What are PFAS used for?

“This chemical property makes PFAS very useful in coating materials used for waterproofing, non-stick surfaces, flame retardants and many more,” Darline Castro-Melendez, MS, an immunologist and microbiologist in the Scheible Lab at the University of Rochester Medical Center, tells

This bonding structure has the downside of also making PFAS resistant to environmental breakdown, however, which is why they are often called "forever chemicals."

“Due to the extremely stable nature of carbon and fluorine bonds, PFAS are very resistant to degradation and deconstruction compared with many other man-made chemicals,” notes Susie Dai, Ph.D., an environmental scientist at Texas A&M University.

Industrial usage of PFAS began in the 1940s, and their effects on human health were not identified for another 20 years. But even then, the chemicals continued to be used in manufacturing plants around the world, eventually causing them to make their way into the food chain and into surface water, groundwater and wastewater sources.

Their use became so widespread that a recent study by the U.S. Geological Survey found that 45% of America’s tap water is contaminated by at least one type of PFAS.

“Humans are exposed to PFAS primarily through eating and drinking contaminated food and water,” Jason Wu, Ph.D., a pharmacologist and nephrologist at the Institute for Human Health and the Environment at the University of Rochester Medical Center, tells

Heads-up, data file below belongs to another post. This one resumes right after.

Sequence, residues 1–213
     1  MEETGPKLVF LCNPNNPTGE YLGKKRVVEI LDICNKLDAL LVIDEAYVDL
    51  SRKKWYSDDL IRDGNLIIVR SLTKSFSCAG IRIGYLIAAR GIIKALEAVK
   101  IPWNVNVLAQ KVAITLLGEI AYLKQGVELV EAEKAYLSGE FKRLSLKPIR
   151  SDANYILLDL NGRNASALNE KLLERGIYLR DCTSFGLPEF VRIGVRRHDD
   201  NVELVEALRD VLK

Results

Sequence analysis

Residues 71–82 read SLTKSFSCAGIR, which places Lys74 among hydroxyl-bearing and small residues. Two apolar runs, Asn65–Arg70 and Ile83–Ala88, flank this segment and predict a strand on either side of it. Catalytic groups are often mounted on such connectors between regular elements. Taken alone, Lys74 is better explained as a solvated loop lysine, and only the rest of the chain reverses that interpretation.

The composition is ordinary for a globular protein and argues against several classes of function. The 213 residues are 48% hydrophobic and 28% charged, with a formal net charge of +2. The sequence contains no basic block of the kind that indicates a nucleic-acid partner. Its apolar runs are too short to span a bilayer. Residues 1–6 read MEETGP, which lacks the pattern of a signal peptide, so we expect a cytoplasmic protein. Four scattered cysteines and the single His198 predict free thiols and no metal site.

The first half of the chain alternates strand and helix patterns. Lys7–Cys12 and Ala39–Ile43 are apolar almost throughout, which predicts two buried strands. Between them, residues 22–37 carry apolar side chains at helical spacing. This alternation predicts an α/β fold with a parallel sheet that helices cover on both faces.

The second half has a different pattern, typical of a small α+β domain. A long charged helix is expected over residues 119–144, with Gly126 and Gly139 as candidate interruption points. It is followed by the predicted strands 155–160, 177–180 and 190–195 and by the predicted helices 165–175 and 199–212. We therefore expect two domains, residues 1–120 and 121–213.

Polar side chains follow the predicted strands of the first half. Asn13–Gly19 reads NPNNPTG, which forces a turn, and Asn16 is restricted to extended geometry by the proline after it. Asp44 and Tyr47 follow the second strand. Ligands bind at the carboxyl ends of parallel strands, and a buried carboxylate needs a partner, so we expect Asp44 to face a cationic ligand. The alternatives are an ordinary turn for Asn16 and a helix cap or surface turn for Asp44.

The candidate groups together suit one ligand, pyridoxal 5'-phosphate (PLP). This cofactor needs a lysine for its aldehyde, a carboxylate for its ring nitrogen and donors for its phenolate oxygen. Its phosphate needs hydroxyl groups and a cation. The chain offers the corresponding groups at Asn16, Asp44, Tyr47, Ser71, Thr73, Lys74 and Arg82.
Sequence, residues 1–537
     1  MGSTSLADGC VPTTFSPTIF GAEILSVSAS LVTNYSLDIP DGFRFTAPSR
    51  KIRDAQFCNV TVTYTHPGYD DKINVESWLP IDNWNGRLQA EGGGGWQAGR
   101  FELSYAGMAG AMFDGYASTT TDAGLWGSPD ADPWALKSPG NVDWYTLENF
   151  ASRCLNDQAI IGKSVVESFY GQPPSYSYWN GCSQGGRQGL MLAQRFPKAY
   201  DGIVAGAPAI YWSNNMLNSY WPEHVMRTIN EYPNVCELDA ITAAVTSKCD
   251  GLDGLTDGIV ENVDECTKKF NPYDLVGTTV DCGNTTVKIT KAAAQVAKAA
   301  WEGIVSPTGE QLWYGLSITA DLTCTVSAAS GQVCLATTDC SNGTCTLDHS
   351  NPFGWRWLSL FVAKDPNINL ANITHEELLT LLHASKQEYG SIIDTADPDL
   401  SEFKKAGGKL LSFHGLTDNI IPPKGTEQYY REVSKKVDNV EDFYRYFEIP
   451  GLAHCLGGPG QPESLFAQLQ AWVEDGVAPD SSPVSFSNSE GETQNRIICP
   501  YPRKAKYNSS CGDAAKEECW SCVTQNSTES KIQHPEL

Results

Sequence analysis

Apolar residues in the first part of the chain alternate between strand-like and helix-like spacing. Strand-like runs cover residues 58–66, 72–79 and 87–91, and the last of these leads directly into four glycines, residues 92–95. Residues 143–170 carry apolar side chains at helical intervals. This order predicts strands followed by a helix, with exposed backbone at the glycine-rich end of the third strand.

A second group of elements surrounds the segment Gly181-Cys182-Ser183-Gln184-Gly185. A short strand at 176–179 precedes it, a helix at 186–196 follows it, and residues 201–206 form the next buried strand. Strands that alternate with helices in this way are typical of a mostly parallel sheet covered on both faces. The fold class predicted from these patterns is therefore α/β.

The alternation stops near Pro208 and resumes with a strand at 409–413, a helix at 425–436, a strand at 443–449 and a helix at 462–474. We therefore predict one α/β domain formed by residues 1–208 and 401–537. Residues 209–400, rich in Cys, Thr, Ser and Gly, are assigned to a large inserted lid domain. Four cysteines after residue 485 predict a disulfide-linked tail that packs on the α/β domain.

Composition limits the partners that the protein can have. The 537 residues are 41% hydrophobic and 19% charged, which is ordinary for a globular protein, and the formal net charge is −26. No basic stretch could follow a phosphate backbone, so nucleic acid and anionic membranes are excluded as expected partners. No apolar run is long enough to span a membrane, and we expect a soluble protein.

How are we exposed to PFAS?

In addition to this level of water contamination, these chemicals are also used in a host of everyday items including:

  • Food packaging

  • Non-stick cookware

  • Dental floss

  • Take-out containers

  • Gum wrappers

  • Drinking straws

  • Outdoor clothing

  • Pizza boxes

  • Medical devices

  • Electronics

  • Stain-resistant carpets and furniture

“Even some makeup, such as mascara, lipstick and eyeliner, contain PFAS because of its waterproof and long-lasting capabilities,” Erin Haynes, Dr.PH., a professor of preventive medicine and environmental health at the University of Kentucky College of Public Health tells

William Dichtel, Ph.D., a professor of chemistry at Northwestern University, tells that many food supplies have also been contaminated, as many freshwater fish live in water with PFAS, animals eat PFAS-contaminated grasses, and produce grow in or are irrigated with PFAS-contaminated soil or water.